But here in the real world, the visit of Pope Francis to the United States of America will provide nuance, challenges for all, and lots of surprises. To help prepare for the big week, here are four common mistakes people are making and a few pointers for correcting them.

1. The Pope wants to smash Capitalism. Pope Francis has certainly seen and is distressed by the ecological and social damage caused by unbridled business interests (local and foreign) in his home of Argentina. He knows that many of his fellow priests, bishops, cardinals, and friends in the global South have seen much the same. But he’s also seen the damage wrought by corrupt governments—including leftist ones.

Like the Gospel he proclaims, Pope Francis is an equal-opportunity challenger.

Pope Francis’s blame for the destruction of so many places and people is not this or that economic model. Rather it is our fallen human condition. His hope is not in an alternate economic model. It's in Jesus Christ—who can fix anything. The Church wishes to baptize, not...

With #Pray4COP21, the Global Catholic Climate Movement launches bold, first-of-its kind global prayer campaign for December’s COP21 climate talks

Big day today, folks. The Global Catholic Climate Movement (or "GCCM") launched a first-of-its-kind online three-month prayer chain seeking divine guidance for December’s United Nations climate negotiations in Paris.

In an unabashedly Church-meets-State moment, #Pray4COP21 is calling prayer warriors across the globe to do their part to sustain 2,000 hours of non-stop prayer. These global, united prayers seek God’s grace to ennoble the powers of the world that they may forge a strong, ambitious, and fair climate treaty at December’s 21st Conference of Parties Climate Summit.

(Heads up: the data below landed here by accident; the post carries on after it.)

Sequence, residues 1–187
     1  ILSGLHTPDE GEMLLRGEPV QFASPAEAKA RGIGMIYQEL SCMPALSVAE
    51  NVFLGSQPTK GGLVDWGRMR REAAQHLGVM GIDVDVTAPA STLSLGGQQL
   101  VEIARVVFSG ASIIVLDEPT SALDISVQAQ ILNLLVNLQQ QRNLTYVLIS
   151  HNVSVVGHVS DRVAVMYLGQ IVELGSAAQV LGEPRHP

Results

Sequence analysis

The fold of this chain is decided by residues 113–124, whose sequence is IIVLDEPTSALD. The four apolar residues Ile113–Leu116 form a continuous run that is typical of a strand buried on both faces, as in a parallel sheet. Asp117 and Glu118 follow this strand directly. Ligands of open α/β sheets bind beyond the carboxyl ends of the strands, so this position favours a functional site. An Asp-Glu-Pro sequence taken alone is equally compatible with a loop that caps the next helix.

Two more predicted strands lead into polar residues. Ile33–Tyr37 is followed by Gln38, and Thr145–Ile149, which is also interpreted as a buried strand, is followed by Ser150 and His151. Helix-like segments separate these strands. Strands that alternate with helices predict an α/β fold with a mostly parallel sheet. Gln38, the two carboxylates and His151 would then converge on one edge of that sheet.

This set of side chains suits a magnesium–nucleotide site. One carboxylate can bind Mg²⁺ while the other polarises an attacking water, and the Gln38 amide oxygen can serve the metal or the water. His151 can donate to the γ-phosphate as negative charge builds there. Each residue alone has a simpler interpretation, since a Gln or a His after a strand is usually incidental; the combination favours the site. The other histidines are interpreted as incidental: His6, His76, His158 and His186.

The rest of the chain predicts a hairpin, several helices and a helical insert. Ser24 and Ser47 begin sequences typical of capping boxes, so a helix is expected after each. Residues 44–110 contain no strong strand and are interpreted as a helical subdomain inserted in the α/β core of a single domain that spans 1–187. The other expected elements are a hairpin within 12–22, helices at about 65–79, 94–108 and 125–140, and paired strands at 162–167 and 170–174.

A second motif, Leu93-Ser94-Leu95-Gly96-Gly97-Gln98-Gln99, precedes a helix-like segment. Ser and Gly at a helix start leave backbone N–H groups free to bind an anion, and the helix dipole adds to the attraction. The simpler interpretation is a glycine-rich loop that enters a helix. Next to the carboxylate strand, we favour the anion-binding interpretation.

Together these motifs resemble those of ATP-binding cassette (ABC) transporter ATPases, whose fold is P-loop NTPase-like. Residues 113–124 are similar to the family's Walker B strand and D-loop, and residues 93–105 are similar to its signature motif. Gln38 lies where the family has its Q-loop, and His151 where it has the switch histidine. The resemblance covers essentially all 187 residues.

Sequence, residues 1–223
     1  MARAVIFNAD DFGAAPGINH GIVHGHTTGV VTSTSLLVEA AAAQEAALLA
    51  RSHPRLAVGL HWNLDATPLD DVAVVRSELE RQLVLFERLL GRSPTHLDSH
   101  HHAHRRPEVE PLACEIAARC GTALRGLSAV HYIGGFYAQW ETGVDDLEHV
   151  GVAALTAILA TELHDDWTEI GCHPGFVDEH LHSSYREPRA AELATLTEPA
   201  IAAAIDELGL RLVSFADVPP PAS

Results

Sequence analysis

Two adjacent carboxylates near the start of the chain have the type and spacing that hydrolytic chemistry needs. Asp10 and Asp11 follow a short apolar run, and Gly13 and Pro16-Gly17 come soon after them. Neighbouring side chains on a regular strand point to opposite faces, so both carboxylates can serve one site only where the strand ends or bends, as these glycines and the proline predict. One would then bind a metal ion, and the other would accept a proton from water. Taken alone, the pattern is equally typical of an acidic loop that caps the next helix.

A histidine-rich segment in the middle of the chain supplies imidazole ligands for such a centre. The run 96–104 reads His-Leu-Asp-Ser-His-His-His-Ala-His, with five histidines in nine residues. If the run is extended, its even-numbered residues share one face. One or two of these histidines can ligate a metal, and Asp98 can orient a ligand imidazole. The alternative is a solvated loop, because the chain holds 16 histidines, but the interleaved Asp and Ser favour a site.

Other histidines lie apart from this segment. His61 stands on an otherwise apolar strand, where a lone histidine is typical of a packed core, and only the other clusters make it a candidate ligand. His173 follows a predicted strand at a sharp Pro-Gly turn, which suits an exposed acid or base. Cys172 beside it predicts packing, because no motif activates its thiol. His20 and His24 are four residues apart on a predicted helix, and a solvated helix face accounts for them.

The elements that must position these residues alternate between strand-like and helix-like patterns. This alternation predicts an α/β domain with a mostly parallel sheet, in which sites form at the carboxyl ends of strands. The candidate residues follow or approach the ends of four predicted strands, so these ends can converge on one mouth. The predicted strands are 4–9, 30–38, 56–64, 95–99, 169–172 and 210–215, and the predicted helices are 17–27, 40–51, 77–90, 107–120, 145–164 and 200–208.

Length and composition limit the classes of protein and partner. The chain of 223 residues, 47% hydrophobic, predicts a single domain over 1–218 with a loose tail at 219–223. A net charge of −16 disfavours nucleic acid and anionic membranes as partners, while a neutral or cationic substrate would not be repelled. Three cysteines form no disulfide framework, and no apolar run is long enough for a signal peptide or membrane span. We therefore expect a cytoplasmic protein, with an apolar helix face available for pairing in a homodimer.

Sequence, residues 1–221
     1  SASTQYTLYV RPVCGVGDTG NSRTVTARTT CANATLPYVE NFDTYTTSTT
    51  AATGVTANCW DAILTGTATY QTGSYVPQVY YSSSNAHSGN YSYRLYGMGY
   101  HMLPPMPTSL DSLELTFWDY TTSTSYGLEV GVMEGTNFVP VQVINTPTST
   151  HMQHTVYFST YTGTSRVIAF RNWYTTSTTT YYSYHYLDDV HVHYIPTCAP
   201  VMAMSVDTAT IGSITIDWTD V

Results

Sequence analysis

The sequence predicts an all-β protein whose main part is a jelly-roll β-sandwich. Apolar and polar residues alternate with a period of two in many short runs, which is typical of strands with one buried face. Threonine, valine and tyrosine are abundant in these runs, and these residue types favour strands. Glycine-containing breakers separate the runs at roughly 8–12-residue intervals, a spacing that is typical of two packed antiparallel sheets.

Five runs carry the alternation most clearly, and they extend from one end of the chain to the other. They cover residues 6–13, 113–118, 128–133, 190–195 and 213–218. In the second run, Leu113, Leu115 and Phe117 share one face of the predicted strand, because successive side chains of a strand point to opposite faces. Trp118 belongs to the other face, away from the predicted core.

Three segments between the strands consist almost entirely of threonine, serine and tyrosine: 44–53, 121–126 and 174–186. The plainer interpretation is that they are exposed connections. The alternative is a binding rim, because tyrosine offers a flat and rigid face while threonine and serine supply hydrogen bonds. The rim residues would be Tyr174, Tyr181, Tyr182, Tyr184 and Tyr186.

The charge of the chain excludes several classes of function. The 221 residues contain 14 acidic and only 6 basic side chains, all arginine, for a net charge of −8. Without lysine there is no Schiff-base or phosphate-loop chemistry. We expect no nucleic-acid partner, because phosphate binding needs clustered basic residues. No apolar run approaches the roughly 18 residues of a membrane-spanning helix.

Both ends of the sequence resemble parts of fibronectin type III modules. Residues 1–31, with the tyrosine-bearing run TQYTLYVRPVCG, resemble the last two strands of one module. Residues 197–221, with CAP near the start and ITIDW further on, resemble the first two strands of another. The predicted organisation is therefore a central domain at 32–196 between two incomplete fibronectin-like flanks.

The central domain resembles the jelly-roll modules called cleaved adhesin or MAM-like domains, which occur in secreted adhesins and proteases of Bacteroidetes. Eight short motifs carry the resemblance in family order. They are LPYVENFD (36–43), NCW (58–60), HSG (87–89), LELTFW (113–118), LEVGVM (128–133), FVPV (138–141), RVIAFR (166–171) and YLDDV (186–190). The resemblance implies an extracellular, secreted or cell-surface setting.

GCCM co-founder (and our group's humble task-master and leader) Tomás Insua reminds us that “St. Paul says to ‘Pray without ceasing.’ The prayer chain is a concrete and reflective way to bring our spiritual heritage to the urgency of the climate situation and the significance of COP21.”

With #Pray4COP21, GCCM joins Pope Francis in his call to the whole human family to act on the ecological crisis, as well as his calls for moral courage and prudent action from world leaders, in particular at COP21. (After last year’s climate summit in Peru, Pope Francis expressed that he “was disappointed by the lack of courage” of the participants, and his “hope...

Jason Adkins of the Minnesota Catholic Conference reflects on the challenges of sharing and living the words of Pope Francis

After I posted last week on “Natural and Human Ecology: A Panel Discussion on Laudato Si’, Jason Adkins, the executive director of the Minnesota Catholic Conference, shared some thoughts about the goal of the gathering and (I believe) how the event can be a model for similar discussions and ongoing actions that can bring Laudato Si’ to life.

The event's overall aim, Adkins said, was to help Catholics and the broader community “encounter the richness of Pope Francis’s encyclical in a deeper way than through what they may have heard in the mainstream media.”

He said that while many may view Laudato Si’ as an encyclical about climate change “or, alternatively, merely an exhortation to use less plastic and turn down the air conditioning,” the encyclical is about much more.

“It is about embracing an ethic of integral ecology that does justice to both persons and the environment,” Adkins told Catholic Ecology.

He added that the length of the encyclical can present a barrier to people receiving its full message and unpacking its themes. “So the Minnesota Catholic Conference and its co-sponsoring organizations (Catholic Rural Life and the ...


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About the Blog

Catholic Ecology posts my regular column in the Rhode Island Catholic, as well as scientific and theological commentary about the latest eco-news, both within and outside of the Catholic Church. What is contained herein is but one person's attempt to teach and defend the Church's teachings - ecological and otherwise. As such, I offer all contents of this blog for approval of the bishops of the Church. It is my hope that nothing herein will lead anyone astray from truth.